An explorer completed an epic 1,250-mile backpacking trek from the tip of Cornwall to the top of Scotland – to celebrate his 70th birthday.
John Sutcliffe hiked from Cape Cornwall to Cape Wrath, carrying 18kg of camping equipment and clothing and taking in some of the UK’s most remote and wildest parts.
During his daring 106-day walk, which included a few rest days, the former geologist spent almost every night camping in the wild, save for the occasional night of luxury in a B&B.
Explorer John Sutcliffe, who celebrated his 70th birthday by embarking on a 1,250-mile backpacking trek from the tip of Cornwall to the top of Scotland. He’s pictured here leaving Hadrian’s Wall
John started his journey next to the granite gateway of Cape Cornwall. The trek took him 106 days to complete
John had to carry all of his equipment on his back during the trip. He is pictured on Day One after pitching up his tent for the first time at Portheras Cove in Cornwall
Just four days into his trip, John stumbled across Godrevy Point in Cornwall and snapped this charming image of seals on the shore
John, who lives in North Yorkshire, planned his journey as an alternative to the standard John O’Groats to Land’s End trip. He is pictured here at Godrevy Point in Cornwall on Day Four
Home for the night on Day Six was an ancient iron mine, pictured, at the north end of Penhale Sands in Cornwall
John, who lives in North Yorkshire, planned his journey as an alternative to the standard John O’Groats to Land’s End route – which is actually 380 miles shorter than his trip.
And now he has shared his diaries and inspiring photos from the trek in a fascinating new book, Cape to Cape.
The book chronicles his experiences of the kindness of strangers, as well as the unforgiving nature of the British weather.
John said: ‘I wanted to set myself a challenge ahead of my 70th birthday, and as a geologist by trade, was keen to explore some of the most interesting – and challenging – terrain in the country.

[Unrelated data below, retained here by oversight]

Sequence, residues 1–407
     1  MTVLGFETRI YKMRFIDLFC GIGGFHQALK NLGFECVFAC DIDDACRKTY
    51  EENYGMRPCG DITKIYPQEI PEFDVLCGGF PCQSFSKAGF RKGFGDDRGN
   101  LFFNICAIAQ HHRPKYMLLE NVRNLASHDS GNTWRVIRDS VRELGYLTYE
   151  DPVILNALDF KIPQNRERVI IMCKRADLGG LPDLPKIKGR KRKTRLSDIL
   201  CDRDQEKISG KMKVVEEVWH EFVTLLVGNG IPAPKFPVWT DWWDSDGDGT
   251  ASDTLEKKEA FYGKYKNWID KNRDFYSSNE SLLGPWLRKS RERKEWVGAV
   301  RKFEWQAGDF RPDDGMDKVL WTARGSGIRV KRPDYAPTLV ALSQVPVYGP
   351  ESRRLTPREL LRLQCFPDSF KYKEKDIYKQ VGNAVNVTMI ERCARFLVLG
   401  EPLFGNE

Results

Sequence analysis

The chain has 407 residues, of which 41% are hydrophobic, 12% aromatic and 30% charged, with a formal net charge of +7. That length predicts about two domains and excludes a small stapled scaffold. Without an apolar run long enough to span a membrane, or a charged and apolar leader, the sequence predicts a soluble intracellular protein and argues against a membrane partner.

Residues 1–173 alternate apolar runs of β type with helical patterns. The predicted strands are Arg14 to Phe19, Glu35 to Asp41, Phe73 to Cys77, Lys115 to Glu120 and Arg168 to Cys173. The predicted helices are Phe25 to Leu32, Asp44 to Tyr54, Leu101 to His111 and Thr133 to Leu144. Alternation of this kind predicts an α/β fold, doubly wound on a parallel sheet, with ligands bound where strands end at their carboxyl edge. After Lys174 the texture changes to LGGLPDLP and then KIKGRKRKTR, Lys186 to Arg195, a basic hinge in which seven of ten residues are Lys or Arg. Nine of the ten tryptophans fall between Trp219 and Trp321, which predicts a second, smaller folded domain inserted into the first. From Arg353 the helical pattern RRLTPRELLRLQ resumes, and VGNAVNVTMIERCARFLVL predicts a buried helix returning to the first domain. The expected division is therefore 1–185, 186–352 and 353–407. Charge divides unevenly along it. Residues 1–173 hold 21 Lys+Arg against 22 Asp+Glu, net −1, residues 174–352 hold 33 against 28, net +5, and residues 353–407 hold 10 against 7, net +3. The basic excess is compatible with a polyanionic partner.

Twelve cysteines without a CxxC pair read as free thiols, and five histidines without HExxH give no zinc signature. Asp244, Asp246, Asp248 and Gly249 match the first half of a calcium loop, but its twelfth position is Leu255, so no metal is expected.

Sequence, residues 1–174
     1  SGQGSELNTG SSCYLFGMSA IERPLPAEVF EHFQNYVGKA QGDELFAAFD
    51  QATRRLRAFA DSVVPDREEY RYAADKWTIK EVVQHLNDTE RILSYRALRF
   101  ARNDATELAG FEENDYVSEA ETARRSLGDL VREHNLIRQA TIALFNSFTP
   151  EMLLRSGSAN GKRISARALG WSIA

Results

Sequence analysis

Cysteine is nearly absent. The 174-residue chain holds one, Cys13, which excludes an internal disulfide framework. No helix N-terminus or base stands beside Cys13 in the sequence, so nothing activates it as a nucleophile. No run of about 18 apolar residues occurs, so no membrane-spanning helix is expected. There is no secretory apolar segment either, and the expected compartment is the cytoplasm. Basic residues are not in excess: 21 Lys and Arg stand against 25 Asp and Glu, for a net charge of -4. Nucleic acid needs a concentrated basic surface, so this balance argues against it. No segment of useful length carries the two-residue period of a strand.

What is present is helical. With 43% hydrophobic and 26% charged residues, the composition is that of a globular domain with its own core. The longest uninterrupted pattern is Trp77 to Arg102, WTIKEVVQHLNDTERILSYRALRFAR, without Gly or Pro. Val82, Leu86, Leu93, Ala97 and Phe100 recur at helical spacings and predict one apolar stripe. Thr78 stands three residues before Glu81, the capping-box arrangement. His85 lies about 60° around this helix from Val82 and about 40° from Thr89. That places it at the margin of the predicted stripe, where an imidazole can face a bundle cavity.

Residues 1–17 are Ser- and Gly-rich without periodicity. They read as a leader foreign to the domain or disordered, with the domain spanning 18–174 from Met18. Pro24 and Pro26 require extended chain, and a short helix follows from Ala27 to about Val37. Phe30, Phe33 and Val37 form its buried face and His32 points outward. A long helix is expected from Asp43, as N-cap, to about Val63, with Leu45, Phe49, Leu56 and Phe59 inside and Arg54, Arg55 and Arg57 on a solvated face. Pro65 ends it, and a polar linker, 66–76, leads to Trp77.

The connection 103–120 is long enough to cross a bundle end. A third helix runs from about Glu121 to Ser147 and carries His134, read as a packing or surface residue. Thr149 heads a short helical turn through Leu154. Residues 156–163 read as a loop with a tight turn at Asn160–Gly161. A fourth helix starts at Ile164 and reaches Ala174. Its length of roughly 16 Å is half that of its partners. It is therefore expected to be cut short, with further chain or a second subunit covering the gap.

‘The idea for the walk evolved during a conversation over 40 years ago, and it took a huge amount of preparation and planning – finding the right kit and plotting the route in fine detail before I left home.
Most nights of the trip saw John camp in the wilds. He is pictured here on Day Nine making a cup of hot chocolate after pitching his tent in a graveyard in Blisland
While heading towards Launceston, John came across a wedding party taking pictures in front of the town hall. He wrote in his book how he couldn’t resist photobombing one of them
On day 13 of the journey, John came across this quaint brick bridge that dated back to medieval times just outside Launceston
John poses for a photo while resting against a bridge that crosses the River Teign near Chagford in Devon. Day 15
One of the most stunning shots that John captured was this one, taken on Macmillan Way West on the Quantock Hills near Ivyton Farm on day 21 of the journey
‘I would love to think that my experience can inspire others – young or old – to explore the wild, unspoiled parts of our country, spending a night or two under canvas in the company of rustling creatures of the night – it is an eye-opening experience!’
John’s journey began in April 2014 at Cape Cornwall, where he followed the cliffs before heading inland, across the remote moors of Dartmoor and Exmoor and on to the marshy Somerset Levels.
The explorer then followed the path of the England/Wales border to Shropshire and then headed for the limestone dales of Derbyshire.